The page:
Monika Grütters, the German Minister of State for Culture (CDU) has announced the return of a Nazi-looted painting from “Kenstfund Gurlitt.” The painting is a portrait of French painter Thomas Couture’s wife and is titled “Portrait de jeune femme assise [Portrait of a seated young woman].” It was identified in 2017 as the property of Georges Mandel, a high-ranking Jewish politician and Nazi opponent, and the work was returned to his heirs this week. When the painting was originally stolen, Mandel’s companion claimed it had a small tear at the breast height of the woman, and it was through this tear that the painting was eventually tracked down.
Rehs Galleries Inc., a New York gallery specializing in 19th- and 20th-century works, has discovered, acquired, and sold Daniel Ridgway Knight’s previously unknown painting, “On the Terrace, Rolleboise.” The painting was acquired from an estate in California and originally purchased by Mr. and Mrs. Samuel T. Wellman of Cleveland, Ohio shortly after it was painted, according to an email from Howard L. Rehs, who manages Rehs Galleries. The painting remained in the family’s possession until late last year, when their agent contacted the gallery to see if they would be interested in purchasing the work. Soon after, the painting was sold to a southern collector. [via email correspondence]
National Museums Scotland has acquired a Bruce-Oosterwikck longitude pendulum sea clock from 1662. It is one of two surviving clocks of this type, which was the first attempt — albeit unsuccessful attempt — at establishing longitude at sea “with a purpose-made mechanical timepiece, nearly 100 years before this was famously achieved by John Harrison,” according to the Museum’s website. The acquisition was achieved through a £36,000 (~$46,000) grant from the National Heritage Memorial Fund (NHMF) and a £15,000 (~$19,000) grant from Art Fund. The clock was purchased through Dreweatts 1759, a fine art auctioneer.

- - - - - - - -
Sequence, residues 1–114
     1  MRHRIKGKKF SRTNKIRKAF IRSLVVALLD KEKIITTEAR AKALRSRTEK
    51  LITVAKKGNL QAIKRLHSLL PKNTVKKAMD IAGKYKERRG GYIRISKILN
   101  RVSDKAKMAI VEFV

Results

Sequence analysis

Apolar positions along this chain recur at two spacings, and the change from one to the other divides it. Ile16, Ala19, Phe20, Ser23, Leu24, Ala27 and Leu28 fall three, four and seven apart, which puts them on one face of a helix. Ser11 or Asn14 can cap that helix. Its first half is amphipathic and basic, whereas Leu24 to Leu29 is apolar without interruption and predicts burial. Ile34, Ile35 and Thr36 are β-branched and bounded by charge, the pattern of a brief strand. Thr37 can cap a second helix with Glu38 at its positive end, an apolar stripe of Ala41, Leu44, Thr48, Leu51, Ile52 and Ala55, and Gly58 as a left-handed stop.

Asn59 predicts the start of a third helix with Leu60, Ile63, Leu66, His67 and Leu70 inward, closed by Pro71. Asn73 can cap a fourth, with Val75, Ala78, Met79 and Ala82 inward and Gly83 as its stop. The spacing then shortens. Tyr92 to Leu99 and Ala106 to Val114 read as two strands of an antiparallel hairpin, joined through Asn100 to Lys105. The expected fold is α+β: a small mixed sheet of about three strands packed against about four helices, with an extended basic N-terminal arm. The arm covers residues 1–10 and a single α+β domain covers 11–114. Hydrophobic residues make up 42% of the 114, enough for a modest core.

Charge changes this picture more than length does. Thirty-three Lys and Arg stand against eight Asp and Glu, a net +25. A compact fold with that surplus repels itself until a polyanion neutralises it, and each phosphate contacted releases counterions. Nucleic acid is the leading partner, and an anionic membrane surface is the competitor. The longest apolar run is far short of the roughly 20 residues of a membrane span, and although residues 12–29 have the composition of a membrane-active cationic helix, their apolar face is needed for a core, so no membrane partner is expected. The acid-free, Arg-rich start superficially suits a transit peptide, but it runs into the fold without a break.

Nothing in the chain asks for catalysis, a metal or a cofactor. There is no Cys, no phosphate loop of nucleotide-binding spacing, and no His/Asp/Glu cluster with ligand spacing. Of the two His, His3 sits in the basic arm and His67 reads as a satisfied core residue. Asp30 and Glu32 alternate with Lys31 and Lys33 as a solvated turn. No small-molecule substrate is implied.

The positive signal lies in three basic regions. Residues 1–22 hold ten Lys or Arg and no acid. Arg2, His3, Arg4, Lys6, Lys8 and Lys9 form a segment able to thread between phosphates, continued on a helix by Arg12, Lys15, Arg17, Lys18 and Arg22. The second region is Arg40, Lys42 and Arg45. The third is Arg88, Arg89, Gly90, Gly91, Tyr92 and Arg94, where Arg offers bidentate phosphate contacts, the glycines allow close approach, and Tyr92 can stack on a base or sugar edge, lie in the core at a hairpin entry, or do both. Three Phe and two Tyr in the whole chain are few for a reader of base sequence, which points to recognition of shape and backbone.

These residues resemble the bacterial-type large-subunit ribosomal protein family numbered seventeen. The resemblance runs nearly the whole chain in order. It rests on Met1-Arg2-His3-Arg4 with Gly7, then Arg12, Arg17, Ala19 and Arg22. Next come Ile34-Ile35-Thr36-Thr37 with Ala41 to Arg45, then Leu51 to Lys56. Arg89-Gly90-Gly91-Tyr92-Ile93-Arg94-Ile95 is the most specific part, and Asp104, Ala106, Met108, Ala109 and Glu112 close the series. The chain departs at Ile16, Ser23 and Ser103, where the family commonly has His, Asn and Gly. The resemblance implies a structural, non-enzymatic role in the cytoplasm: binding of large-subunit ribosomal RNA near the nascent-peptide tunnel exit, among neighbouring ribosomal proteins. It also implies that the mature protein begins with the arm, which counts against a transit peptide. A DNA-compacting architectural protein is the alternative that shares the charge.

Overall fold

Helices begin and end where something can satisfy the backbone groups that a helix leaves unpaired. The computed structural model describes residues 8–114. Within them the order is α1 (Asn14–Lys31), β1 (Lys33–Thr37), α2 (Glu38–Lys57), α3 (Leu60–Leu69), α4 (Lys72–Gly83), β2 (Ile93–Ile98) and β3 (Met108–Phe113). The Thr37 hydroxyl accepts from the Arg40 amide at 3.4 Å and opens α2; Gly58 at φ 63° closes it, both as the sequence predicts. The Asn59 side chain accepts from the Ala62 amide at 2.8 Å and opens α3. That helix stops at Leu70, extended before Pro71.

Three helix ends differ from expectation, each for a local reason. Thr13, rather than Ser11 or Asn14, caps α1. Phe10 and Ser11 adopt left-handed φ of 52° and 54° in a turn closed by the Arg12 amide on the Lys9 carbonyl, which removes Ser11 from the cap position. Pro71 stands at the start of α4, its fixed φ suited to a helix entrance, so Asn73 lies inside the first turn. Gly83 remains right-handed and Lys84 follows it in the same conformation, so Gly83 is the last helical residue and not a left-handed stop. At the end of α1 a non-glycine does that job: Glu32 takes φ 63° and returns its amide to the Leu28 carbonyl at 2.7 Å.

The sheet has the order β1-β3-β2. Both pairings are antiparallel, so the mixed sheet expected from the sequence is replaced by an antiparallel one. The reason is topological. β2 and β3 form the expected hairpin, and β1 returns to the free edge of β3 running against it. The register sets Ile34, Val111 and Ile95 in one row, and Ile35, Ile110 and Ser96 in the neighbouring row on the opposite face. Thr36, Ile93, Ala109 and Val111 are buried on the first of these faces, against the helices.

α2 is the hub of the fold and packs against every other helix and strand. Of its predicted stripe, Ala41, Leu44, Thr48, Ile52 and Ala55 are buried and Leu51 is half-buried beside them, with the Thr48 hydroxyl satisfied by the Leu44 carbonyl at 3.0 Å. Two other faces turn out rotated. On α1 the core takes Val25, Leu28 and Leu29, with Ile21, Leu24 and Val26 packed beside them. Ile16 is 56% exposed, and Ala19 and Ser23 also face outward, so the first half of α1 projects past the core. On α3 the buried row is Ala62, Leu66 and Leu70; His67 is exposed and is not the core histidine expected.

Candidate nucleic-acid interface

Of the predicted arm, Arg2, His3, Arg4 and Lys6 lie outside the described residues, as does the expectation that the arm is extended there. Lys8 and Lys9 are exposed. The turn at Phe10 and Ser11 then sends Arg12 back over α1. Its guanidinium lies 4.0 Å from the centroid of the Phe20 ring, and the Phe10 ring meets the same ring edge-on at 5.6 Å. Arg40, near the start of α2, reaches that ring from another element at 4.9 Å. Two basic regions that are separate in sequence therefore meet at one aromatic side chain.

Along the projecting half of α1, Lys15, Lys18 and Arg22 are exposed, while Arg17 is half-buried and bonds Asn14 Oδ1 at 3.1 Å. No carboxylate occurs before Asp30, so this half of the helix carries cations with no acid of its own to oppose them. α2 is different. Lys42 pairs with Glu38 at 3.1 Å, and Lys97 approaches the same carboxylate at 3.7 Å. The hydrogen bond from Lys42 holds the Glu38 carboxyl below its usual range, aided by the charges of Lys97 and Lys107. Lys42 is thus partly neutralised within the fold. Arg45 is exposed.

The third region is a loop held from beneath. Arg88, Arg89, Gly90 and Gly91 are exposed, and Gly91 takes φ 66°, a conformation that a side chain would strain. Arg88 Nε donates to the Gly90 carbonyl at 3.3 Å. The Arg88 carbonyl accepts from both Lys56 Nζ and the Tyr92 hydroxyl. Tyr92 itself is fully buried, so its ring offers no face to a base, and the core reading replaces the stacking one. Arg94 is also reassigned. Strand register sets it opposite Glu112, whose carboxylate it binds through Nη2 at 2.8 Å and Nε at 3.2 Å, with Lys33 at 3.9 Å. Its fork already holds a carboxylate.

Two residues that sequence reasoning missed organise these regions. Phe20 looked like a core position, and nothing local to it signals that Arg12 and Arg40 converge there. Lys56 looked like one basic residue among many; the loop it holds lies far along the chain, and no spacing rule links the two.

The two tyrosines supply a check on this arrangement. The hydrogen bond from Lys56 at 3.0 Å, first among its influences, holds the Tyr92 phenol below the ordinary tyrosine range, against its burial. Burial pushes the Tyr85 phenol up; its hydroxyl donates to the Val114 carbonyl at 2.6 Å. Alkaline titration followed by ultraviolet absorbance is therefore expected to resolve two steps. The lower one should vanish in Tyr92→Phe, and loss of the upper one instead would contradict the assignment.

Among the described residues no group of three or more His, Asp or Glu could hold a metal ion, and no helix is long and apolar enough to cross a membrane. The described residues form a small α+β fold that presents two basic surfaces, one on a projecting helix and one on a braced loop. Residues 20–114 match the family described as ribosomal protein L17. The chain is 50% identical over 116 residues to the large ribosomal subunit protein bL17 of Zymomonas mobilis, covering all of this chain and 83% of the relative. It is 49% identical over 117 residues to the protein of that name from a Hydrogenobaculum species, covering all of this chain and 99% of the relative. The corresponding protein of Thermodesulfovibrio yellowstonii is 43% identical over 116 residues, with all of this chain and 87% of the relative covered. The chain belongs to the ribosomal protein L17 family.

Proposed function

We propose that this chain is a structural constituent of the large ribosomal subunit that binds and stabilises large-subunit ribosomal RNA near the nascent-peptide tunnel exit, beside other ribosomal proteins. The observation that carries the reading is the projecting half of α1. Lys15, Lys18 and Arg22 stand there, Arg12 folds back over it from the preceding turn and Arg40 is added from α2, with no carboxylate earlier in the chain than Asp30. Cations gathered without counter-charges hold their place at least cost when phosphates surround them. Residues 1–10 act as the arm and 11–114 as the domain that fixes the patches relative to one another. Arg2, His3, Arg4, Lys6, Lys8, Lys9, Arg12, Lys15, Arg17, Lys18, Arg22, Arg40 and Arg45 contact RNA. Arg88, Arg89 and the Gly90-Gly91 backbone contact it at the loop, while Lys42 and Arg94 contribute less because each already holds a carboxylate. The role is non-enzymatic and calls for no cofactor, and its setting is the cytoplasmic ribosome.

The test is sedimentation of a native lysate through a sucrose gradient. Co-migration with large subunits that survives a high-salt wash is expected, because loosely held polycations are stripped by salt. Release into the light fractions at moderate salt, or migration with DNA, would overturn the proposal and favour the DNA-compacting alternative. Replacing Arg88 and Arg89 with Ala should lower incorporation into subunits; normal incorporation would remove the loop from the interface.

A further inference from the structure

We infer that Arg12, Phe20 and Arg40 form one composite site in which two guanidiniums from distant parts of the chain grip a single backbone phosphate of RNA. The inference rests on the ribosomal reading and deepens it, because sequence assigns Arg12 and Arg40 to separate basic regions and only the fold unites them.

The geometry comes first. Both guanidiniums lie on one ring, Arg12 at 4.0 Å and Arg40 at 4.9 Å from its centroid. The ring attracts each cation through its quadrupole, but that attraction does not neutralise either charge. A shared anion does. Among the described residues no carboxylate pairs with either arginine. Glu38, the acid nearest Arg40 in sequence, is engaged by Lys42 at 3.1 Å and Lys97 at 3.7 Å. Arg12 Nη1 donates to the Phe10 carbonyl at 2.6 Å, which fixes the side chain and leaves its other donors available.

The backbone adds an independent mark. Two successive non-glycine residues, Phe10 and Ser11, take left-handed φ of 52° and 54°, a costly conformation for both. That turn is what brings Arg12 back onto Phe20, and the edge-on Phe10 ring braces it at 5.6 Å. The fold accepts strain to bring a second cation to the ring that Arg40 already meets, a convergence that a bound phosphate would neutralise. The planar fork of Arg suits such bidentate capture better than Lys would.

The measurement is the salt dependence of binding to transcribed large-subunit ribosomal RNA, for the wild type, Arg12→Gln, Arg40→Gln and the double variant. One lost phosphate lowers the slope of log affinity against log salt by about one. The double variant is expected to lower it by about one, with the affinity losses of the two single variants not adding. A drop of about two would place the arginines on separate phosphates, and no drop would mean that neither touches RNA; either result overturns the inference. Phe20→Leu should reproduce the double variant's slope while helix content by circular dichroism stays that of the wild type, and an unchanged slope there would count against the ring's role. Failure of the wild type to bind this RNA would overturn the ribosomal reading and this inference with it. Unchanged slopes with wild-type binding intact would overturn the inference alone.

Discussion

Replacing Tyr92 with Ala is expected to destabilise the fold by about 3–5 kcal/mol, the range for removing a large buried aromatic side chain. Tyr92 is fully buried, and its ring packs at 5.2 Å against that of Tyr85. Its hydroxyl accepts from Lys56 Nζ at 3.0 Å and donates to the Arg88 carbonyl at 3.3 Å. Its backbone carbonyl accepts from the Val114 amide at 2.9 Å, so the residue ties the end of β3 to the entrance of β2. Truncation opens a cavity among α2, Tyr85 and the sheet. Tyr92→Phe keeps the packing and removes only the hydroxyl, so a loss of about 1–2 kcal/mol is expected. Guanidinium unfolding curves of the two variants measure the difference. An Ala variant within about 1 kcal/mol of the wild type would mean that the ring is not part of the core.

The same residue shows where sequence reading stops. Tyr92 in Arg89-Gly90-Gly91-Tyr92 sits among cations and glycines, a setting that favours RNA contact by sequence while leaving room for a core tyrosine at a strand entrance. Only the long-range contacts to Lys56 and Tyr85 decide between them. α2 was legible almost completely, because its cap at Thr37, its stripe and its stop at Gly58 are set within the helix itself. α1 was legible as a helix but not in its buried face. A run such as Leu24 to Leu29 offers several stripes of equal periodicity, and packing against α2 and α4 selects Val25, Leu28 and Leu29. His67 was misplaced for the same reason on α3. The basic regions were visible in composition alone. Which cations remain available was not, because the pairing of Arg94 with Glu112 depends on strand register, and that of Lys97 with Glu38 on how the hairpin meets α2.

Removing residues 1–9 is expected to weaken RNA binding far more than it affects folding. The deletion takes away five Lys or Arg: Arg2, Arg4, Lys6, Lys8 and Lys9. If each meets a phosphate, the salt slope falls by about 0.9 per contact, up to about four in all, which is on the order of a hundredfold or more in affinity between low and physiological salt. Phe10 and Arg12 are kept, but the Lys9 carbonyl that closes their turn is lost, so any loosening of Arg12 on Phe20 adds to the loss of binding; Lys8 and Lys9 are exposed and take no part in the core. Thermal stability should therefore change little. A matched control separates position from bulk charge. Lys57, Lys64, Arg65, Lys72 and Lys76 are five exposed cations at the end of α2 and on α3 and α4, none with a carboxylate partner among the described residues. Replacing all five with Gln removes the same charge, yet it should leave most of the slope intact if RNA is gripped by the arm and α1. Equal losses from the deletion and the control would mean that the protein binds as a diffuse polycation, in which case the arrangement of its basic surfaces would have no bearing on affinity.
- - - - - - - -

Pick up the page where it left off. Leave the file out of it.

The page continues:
The Fitzwilliam Museum in Cambridge, UK has acquired Jan Adam Kruseman’s (1804–1862) portrait of Egyptologist Giovanni Belzoni (1778–1823), known as the “Great Belzoni.” The piece was acquired through a donation under the Cultural Gifts Scheme by Daniel Katz Limited, in honor of Tim Knox who served as Director of the Fitzwilliam Museum between 2013–2018. From July to October 2019, the work will be on display in an exhibition about Belzoni in the Fitzwilliam’s Octagon Gallery. “As Acting Director of the Fitzwilliam Museum I am delighted that, thanks to Daniel Katz Gallery, this imposing but genial portrait of the Great Belzoni will henceforth be on show to the public,” said Geoff Ward, Acting Director of the Fitzwilliam. “I am delighted too that it honors the contribution to the Museum made by our last full-time Director, Tim Knox.”
An ancient Egyptian pharaonic stone tablet that was stolen from a Karnak temple was repatriated from Britain, according to Egypt’s antiques ministry. The artifact, part of a “cartouche,” or ornamental tablet, belonged to Pharaoh Amenhotep I of the 17th dynasty in the 16th century BCE. “The piece was last seen in the open museum in Luxor temple in the early 1990s,” Shaaban Abdel Gawad told Agence France-Presse. Gawad is in charge of archeological collections at the ministry. The tablet was discovered on online auction sites. After discovery, the sale was cancelled, and Egypt’s antiques ministry took “necessary legal measures” to recover the piece, said Gawad.
Join Hyperallergic for an online conversation with Kiowa Tribal Museum Director Tahnee Ahtone on January 25 at 7pm (EST).
This week, Patrisse Cullors speaks, reviewing John Richardson’s final Picasso book, the Met Museum snags a rare oil on copper by Nicolas Poussin, and much more.
Graduate students in the University of Denver’s Emergent Digital Practices program work on research with faculty who are engaged directly with their communities, both online and off.
Alexi Worth’s paintings demand a double take that allows viewers to look closer and begin dissembling the painting in order to understand what is being looked at.
Anastasia Pelias’s sculpture builds on this mythological legacy, suggesting we all have the ability to commune with a higher power and influence our futures.
Curated by Jill Kearney, this exhibition in Frenchtown, NJ amplifies stories both local and universal with work by Willie Cole, Sandra Ramos, sTo Len, and more.
Jack Spicer’s poetry can be deeply funny and playful but it has a consistent undercurrent of sadness.
Belinda Rathbone’s biography traces the sculptor’s embrace of kinetic mechanisms to his work in the Singer Sewing Machine factory.
The first lecture is on the relationship between early portrait photography and diverse notions of US identity during the Gilded Age. Register to attend on January 25.
It’s the first time in the country’s history that objects of this significance are offered for public sale.
Schwartz was at the forefront of computer-generated art before desktops or the kind of software that makes it commonplace today.
Curator La Tanya S. Autry shares a set of crucial questions she considers when curating images of anti-Black violence.